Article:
The pictures sneak up on my when I least expect them.
They fall out of a book I haven’t opened in years, or peek out from underneath a folder on my mother’s desk. Why are they here? Chance, I’m sure. But there they are. Pictures of my ex-husband and I at our wedding. Tears in both of our eyes, his arms wrapped around me in the tightest hug, confidence in our eyes – knowing we wanted each other.
After leaving him, I couldn’t bear to look at them. I would see the pictures and tuck them away, back into their hiding places. I made myself save them so Benjamin could have them. So, that one day when he has questions upon questions and wants to “see” that his parents were truly in love at a moment in time, for the reason of creating him – he’ll see that he was a product of something beautiful. And fortunately, for him, he never witnessed what came after that day.Now, five years later, I can look at the pictures. Hold them in my hand. Bring them closer for inspection. I look at the girl who thought she was a woman in the photos. I remember exactly what I was thinking, too.
“This is forever. I will be with this man forever and although I’m scared as shit about that, I love him and love is enough.”
I don’t call myself foolish. I don’t even feel any shame for making such poor judgment. In that moment I followed my gut which was steering me down the path I’m on now. And in that path, Benjamin also has a father who loves him very much.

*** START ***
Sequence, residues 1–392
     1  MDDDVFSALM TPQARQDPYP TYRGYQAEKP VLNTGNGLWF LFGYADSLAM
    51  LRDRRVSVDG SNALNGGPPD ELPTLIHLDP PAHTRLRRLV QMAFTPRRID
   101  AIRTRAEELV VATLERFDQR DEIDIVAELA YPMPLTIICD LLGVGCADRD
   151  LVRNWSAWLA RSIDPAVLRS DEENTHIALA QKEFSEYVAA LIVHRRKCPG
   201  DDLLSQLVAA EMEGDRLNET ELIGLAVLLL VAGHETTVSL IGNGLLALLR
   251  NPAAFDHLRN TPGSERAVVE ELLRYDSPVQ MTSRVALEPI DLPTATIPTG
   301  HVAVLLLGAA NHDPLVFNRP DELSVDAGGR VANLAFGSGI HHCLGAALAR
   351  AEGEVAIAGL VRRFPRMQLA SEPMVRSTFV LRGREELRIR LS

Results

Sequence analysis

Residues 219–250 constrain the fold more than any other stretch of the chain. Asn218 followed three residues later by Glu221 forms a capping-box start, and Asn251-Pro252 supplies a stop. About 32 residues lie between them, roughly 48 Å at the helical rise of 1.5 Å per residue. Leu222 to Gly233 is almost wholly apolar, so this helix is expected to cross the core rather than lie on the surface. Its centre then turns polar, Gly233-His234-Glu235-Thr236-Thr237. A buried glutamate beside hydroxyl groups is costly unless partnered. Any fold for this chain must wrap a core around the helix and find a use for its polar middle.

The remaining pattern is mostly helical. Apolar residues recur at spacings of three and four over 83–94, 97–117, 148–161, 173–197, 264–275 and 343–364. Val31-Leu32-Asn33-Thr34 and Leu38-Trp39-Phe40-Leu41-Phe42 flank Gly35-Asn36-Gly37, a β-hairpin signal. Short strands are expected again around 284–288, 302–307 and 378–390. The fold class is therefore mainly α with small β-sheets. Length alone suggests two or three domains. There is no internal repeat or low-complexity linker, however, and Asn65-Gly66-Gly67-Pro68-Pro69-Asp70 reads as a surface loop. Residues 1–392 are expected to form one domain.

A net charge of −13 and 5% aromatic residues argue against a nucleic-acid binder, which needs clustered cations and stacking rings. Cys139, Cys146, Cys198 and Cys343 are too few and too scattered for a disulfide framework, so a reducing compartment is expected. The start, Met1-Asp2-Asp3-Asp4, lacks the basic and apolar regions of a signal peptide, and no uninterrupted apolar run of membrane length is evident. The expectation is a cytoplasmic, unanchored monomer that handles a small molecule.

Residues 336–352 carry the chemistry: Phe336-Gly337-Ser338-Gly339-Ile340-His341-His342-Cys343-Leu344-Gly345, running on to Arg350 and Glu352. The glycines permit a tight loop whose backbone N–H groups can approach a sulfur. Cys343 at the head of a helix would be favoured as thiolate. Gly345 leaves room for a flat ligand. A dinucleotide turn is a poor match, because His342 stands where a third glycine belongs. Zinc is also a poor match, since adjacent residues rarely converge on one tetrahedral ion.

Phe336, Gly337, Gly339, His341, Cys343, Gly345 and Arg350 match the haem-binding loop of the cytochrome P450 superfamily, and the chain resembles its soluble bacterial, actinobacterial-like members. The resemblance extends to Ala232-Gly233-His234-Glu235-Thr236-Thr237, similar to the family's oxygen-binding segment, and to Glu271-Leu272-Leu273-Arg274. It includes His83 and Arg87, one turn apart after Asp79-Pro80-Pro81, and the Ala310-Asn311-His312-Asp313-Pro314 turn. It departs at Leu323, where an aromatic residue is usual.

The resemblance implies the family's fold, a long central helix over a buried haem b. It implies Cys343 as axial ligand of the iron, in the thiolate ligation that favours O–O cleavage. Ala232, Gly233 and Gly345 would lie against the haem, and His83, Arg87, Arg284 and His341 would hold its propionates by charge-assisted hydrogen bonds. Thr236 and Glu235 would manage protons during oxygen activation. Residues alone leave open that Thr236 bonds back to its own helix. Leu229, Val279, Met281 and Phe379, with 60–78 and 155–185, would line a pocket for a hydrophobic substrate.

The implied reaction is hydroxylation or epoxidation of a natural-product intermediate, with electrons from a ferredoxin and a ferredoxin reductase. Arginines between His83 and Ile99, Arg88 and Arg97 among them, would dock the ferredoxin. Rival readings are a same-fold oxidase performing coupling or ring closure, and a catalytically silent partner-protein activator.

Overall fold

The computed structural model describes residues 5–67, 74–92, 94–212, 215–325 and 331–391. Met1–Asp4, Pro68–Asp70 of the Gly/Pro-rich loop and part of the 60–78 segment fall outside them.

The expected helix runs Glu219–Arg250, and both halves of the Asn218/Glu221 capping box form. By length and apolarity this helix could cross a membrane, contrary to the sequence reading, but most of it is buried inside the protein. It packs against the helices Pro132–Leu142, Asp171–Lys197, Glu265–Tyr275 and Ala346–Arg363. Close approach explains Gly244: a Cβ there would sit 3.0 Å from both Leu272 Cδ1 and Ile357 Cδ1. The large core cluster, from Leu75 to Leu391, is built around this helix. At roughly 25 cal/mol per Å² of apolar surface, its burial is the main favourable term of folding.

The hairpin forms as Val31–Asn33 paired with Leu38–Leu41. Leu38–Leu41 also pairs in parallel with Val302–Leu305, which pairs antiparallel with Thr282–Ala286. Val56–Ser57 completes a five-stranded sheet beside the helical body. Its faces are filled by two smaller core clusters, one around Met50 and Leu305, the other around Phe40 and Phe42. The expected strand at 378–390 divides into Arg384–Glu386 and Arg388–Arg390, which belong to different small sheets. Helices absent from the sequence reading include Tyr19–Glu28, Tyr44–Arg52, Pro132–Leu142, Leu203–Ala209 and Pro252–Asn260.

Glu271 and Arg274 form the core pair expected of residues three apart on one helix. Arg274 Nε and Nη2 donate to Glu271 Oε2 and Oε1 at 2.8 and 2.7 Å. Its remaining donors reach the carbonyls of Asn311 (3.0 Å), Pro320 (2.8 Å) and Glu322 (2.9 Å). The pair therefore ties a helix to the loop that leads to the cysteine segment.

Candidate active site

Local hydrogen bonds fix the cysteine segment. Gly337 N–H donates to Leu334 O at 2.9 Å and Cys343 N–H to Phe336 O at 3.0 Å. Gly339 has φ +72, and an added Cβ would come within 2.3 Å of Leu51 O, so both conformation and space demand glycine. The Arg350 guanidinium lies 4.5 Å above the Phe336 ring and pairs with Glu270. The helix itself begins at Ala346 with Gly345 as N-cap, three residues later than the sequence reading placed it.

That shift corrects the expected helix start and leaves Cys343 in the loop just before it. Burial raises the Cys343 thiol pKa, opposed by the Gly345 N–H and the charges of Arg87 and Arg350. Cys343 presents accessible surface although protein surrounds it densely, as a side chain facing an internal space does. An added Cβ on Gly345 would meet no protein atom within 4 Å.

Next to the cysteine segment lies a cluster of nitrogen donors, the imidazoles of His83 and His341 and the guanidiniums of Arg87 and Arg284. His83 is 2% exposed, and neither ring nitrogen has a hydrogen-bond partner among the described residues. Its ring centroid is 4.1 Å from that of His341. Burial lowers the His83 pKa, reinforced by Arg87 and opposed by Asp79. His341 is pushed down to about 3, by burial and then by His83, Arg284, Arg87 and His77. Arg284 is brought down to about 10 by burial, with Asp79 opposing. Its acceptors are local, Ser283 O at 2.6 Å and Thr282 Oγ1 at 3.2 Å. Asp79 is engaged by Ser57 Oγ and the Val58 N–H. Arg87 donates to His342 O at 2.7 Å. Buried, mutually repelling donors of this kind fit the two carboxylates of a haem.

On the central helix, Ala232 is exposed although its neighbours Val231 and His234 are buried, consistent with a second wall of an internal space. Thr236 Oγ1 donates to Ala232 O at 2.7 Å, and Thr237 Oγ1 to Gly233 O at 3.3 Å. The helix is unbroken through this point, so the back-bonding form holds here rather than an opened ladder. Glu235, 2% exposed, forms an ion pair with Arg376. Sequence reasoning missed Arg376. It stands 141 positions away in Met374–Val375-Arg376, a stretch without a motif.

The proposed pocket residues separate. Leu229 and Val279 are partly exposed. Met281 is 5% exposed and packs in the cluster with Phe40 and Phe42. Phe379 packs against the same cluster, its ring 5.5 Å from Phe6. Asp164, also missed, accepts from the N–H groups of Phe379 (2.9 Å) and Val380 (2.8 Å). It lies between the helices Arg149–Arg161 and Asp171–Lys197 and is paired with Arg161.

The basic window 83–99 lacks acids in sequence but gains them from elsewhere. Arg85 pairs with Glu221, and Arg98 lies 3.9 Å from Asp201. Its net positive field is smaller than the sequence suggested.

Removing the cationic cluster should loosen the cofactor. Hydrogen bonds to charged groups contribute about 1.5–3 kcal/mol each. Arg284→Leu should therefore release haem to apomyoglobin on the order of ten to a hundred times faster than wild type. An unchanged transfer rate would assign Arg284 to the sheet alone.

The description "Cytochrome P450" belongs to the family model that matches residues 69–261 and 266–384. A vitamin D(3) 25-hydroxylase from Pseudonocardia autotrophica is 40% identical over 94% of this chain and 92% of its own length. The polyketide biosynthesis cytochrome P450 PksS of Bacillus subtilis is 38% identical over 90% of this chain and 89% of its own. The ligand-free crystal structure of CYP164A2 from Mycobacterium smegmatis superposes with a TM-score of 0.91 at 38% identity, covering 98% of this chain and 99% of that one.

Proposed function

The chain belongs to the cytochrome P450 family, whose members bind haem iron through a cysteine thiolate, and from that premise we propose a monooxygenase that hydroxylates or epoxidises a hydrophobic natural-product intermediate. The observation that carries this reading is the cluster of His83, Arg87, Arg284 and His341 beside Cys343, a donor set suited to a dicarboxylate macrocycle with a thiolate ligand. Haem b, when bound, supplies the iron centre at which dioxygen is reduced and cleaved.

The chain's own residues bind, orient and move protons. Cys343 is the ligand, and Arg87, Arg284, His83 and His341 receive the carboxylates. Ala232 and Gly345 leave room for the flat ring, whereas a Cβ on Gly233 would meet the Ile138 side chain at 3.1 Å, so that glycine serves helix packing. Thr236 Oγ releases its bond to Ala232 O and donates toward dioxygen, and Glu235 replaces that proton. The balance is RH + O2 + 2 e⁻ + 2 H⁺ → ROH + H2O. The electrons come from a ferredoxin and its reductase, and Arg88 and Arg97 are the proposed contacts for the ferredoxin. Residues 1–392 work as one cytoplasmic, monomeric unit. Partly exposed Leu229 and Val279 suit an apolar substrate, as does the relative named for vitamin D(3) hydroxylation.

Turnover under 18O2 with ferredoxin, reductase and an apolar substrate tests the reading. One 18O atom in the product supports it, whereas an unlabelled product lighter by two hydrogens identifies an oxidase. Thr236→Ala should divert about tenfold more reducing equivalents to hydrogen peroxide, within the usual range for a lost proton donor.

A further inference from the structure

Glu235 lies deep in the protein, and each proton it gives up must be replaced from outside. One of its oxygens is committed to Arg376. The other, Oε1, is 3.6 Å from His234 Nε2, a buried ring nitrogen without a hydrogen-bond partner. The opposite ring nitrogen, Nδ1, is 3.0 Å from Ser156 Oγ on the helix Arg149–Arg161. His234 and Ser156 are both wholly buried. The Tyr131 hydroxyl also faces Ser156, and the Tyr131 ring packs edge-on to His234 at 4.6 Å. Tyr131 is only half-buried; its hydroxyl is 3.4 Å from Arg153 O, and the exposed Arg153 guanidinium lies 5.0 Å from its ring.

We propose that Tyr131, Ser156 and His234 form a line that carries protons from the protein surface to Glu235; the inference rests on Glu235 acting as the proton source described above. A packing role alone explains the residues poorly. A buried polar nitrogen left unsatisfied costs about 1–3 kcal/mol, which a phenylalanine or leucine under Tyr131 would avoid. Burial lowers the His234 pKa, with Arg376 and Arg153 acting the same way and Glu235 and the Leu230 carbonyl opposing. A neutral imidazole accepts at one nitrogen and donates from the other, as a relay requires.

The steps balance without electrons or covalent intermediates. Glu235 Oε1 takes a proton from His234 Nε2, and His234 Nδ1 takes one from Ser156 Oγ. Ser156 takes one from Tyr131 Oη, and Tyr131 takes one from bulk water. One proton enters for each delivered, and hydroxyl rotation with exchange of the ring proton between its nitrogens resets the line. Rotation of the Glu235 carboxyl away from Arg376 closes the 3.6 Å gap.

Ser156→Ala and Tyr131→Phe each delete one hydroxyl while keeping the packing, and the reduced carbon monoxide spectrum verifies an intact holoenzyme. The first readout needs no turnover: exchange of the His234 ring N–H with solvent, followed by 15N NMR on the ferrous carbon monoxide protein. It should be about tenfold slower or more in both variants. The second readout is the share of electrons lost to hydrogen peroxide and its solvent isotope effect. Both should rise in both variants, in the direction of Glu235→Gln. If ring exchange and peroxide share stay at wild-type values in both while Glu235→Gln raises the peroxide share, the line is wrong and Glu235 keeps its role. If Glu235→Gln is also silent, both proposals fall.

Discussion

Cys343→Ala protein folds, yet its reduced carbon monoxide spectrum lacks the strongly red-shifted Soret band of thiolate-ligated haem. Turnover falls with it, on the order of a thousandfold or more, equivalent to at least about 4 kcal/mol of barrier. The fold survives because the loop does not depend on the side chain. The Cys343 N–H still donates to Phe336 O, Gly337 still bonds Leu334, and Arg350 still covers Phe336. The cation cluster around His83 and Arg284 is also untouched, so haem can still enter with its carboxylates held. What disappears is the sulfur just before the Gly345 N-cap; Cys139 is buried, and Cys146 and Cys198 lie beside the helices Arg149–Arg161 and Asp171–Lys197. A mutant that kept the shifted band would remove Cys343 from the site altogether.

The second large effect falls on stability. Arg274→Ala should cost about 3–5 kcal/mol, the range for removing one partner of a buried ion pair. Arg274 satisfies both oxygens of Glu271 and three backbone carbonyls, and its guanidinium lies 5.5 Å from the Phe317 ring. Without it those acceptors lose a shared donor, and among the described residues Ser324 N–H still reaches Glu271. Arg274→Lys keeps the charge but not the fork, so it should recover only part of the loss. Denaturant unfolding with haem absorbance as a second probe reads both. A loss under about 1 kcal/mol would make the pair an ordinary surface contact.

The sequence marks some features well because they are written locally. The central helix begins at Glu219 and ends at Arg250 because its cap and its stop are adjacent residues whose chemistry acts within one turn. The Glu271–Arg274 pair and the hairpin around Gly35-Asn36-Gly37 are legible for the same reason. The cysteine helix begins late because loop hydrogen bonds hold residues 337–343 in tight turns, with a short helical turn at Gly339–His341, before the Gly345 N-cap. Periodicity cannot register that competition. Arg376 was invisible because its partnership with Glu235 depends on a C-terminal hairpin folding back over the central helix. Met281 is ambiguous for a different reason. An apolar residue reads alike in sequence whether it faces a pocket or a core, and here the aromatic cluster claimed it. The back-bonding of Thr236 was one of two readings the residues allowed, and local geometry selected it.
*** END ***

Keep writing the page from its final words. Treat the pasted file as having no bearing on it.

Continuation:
The night before leaving on a trip to Athens to drop Benjamin off at his father’s for a sleep over, I find myself at my dining room table with three other moms of boys. Two of them, one single and one a formerly single mom who is recently and happily married, live on the same street as me. The third, Elizabeth, lives Downtown but has come to spend the evening all the way up here in our suburb built in the 1950’s. It’s an old suburb in that sense and all of us live in the same, yet slightly modified, cape cod homes. “Charming bungalows” a realtor would call them.
Our children’s elementary school is right across the street, where they are all playing at the moment. Or are they there? We’re not really sure where they are at the moment but we know they’re safe because that’s how this neighborhood is, everyone looks out for each other. Children actually play outside all of the time and know each other and each house it seems has a young family inside.
The three of us who live here are trying to encourage Elizabeth to join us. We make jokes about the neighbors and what they must think of us single moms living on our own, mowing our own lawns, taking out our own trash, chasing our kids in the street when they’ve run off again to play with each other. We laugh and then all three of us who do live here agree that we never, ever want to leave.
And I feel my gut again.
That familiar tug. I feel that this is the beginning of another chapter. I work with my guys all day at Cement, but you need these women. You need friendships with other mothers. The night ends with plans for future parties down the street. We are all going to form a party swap, hoping that collectively all of us will have enough friends to bring that it will feel like an actual party. And maybe some clothing swaps as well. And the wine nights, those will be happening again on a regular basis.
Either way, I feel like I’m 10 again. I’m so excited to have met a handful of people who my gut is telling me are absolutely good for me in every way, and who will be around for a very, very long time.